California Senate: How Carly Fiorina Pulled Off Her Big "Upset" in the GOP Primary
With the dramatic move of pulling his remaining TV advertising yesterday, former frontrunner Tom Campbell effectively ceded next Tuesday's Republican primary for U.S. Senate in California to ex-Hewlett Packard CEO Carly Fiorina. Fiorina reacted today by launching a new TV ad taking direct aim at incumbent Senator Barbara Boxer.
Campbell, a California fixture who's been a Silicon Valley congressman and professor at Stanford and Berkeley, led the race for the Republican nod to take on the embattled Boxer — beneficiary of two fundraising trips to California in the past two months by President Barack Obama — when he quit the governor's race and switched to the Senate race in January. His lead, due to residual name ID from two past Senate campaigns and favorable press coverage, continued for a few months after that. Prior to his move, strongly encouraged by billionaire Meg Whitman's camp, which wanted to remove a draw for moderate Republicans in the gubernatorial primary, Fiorina had been the frontrunner in the Senate primary.
Right after former Republican frontunner Tom Campbell pulled what was left of his TV advertising, ex-Hewlett Packard CEO Carly Fiorina launched this new attack ad against Senator Barbara Boxer. She says Boxer, chair of the Senate Environment Committee, is more concerned with "the weather," i.e., climate change, than terrorism.
But Campbell, after a quick burst of fundraising for his Senate campaign died down, ran into trouble in March.
In a development that Whitman, perhaps envisioning herself as one of the "Golden Parachute Twins" this fall, undoubtedly did not like, the star of the state Republican convention turned out to be Fiorina. Campbell had a much smaller presence and was overshadowed. Worse still for Campbell, he struggled with his past involvement with a jihadist academic convicted of working with a terrorist group. He's had to change his story repeatedly to try to explain the controversy away.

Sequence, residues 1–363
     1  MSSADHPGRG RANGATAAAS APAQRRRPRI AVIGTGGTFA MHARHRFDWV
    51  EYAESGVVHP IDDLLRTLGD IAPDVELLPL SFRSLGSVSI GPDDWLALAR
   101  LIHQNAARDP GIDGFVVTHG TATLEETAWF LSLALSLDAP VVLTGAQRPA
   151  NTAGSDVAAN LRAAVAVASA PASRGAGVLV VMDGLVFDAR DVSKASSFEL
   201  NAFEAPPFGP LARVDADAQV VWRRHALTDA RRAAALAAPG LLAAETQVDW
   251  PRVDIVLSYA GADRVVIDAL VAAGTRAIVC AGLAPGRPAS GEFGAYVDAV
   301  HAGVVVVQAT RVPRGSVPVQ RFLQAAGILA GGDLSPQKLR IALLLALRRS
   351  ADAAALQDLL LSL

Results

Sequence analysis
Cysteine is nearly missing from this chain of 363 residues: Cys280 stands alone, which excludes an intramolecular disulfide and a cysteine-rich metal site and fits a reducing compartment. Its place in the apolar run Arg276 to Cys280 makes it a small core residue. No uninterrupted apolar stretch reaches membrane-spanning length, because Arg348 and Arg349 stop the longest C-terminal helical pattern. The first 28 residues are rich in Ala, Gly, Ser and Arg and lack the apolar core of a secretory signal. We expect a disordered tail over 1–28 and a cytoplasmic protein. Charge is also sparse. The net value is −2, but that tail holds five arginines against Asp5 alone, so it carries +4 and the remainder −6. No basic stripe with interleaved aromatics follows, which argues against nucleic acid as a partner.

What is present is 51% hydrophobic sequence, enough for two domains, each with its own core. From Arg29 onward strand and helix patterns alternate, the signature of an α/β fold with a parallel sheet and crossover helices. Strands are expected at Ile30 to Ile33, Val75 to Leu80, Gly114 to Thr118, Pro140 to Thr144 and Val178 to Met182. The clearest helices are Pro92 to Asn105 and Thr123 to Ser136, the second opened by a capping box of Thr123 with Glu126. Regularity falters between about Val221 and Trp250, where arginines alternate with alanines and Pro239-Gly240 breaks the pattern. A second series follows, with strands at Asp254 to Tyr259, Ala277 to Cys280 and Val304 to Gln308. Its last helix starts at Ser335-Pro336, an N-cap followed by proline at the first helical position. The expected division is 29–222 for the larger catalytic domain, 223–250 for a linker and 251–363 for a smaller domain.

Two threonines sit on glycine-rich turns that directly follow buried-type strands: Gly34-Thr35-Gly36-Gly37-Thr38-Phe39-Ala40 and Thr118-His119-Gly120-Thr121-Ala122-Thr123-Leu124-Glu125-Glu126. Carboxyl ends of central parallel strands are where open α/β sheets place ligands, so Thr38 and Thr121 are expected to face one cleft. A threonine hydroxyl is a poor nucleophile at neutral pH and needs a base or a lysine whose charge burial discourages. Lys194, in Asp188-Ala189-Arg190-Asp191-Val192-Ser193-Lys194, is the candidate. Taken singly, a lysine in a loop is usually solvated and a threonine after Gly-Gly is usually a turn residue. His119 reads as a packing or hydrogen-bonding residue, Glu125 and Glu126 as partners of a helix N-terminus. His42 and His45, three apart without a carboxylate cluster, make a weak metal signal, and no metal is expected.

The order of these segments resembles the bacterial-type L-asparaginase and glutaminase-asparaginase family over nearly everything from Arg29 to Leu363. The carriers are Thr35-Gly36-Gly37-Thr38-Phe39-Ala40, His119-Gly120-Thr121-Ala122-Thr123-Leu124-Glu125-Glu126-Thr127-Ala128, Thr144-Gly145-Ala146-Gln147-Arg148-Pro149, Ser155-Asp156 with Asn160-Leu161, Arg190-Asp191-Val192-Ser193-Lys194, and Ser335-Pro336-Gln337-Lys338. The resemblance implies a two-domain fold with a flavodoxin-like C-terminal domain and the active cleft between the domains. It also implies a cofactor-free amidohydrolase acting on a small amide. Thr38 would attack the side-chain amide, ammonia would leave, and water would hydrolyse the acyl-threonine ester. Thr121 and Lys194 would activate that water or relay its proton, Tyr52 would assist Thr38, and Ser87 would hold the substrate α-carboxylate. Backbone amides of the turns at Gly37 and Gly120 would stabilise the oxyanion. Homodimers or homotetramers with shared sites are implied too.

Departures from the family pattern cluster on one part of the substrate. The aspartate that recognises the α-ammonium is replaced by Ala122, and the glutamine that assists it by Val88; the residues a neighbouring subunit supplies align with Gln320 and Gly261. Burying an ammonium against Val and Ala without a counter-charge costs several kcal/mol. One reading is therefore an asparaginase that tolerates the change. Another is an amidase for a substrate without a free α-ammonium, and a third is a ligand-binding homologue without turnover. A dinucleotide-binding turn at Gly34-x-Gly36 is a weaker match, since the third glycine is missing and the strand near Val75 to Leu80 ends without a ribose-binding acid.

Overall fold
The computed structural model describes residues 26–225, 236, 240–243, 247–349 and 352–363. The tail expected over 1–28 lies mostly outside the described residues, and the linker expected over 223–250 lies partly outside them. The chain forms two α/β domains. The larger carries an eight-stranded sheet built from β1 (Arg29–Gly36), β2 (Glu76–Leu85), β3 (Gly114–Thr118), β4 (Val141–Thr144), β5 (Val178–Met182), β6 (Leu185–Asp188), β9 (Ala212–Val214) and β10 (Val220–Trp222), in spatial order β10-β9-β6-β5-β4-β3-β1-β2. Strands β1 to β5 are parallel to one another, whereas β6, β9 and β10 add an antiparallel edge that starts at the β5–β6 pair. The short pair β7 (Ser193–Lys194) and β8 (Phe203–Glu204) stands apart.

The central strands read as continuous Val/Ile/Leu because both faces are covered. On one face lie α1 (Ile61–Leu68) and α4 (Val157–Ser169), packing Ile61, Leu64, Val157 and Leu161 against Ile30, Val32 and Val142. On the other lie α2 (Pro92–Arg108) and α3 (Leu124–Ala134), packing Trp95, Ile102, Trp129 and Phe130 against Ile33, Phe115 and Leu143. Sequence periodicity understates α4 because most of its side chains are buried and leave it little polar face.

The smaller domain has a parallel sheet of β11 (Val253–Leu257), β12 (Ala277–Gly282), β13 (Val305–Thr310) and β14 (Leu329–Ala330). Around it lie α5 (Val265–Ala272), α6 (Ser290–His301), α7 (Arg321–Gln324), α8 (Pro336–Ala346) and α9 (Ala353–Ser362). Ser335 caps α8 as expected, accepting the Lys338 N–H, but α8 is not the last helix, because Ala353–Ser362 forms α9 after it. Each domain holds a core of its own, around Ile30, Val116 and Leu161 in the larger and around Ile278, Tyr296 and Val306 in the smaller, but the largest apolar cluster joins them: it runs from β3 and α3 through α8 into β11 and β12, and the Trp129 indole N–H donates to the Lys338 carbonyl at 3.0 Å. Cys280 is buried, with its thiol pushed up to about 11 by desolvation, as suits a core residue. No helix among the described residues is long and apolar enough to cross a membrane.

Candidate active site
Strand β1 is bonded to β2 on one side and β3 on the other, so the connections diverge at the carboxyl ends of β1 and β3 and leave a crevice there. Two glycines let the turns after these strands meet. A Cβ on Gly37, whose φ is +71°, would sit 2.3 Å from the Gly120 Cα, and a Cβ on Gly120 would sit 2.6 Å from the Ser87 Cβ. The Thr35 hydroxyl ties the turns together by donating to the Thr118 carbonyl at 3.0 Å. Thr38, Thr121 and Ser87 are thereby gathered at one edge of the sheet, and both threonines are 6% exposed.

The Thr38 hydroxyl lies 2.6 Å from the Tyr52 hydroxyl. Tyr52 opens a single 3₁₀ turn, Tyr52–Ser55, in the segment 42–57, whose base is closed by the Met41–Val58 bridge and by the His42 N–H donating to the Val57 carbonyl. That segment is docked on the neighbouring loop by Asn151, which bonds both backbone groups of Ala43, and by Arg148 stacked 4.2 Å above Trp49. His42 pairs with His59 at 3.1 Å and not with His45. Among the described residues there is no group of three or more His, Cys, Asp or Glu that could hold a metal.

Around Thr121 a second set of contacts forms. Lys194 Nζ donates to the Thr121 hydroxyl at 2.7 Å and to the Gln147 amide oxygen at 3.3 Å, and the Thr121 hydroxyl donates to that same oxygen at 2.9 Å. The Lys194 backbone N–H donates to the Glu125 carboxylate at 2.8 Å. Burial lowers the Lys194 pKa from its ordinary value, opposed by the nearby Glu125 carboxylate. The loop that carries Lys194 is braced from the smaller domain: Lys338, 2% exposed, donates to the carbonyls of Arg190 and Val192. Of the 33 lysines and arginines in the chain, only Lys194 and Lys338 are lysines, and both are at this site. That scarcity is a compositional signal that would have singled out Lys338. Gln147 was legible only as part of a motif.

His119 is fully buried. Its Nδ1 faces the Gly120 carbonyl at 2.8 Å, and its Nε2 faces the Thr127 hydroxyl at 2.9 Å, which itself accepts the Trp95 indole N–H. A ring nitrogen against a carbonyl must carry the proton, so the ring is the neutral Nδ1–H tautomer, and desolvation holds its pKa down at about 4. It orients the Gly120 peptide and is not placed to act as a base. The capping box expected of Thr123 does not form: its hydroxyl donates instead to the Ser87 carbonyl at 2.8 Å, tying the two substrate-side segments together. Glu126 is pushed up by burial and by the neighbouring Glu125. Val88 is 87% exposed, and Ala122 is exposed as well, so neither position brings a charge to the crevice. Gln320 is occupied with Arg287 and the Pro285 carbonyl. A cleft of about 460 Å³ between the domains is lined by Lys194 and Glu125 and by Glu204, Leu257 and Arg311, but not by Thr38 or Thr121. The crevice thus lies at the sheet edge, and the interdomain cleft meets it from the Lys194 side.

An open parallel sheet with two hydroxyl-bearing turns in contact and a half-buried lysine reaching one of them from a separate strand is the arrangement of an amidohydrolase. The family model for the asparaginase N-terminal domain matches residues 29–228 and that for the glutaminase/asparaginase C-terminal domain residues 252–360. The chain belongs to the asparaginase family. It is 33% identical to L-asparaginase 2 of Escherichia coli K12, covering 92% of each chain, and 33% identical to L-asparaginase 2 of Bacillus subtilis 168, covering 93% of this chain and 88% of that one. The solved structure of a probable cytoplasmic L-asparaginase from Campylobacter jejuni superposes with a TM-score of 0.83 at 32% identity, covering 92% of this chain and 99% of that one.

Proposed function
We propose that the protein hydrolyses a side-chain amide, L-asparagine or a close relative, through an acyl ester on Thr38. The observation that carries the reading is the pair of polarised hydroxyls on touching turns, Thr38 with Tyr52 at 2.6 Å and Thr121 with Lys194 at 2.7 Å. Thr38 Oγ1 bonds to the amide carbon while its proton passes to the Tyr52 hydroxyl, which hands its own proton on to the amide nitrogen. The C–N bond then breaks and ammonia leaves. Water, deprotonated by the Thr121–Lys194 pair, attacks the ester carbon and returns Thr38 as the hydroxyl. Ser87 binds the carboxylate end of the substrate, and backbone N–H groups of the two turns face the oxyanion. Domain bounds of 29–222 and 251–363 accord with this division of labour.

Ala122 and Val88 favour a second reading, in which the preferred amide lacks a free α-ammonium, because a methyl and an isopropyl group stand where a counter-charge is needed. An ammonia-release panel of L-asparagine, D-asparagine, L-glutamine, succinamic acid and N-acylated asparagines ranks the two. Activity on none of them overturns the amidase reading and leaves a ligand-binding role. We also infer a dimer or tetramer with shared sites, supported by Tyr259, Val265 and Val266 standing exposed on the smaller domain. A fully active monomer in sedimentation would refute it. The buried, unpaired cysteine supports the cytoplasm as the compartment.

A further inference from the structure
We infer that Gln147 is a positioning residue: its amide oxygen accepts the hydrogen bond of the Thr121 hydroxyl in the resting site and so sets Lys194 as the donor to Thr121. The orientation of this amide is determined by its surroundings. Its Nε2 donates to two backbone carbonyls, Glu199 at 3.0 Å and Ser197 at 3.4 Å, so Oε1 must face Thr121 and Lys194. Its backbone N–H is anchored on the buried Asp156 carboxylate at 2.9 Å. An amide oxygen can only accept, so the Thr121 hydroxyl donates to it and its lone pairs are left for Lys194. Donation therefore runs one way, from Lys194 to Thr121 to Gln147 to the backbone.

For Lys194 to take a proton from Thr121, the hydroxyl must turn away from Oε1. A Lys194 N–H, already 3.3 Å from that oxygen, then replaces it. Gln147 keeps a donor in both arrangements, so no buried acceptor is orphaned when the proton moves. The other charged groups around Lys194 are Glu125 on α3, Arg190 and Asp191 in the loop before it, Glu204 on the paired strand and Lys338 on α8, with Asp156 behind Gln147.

In contrast, Fiorina's speech, delivered without a teleprompter (though she used some notes on a stool, to which she circled back from time to time), delivered in a theater-in-the-round set-up, was a big hit. As was the new film from "Demon Sheep" creator ad man Fred Davis. Featuring a giant Hindenberg head of Senator Barbara Boxer, floating across the country from Washington to California, making various pronouncements, it's a clever enough skewering of Boxer and promotion of Fiorina's pseudo-populist, anti-big government themes.
Zany ad man Fred Davis, creator of the notorious "Demon Sheep" video ripping Campbell on Fiorina's behalf as a fake fiscal conservative, amused the California Republican convention with his film of "the HindenBoxer."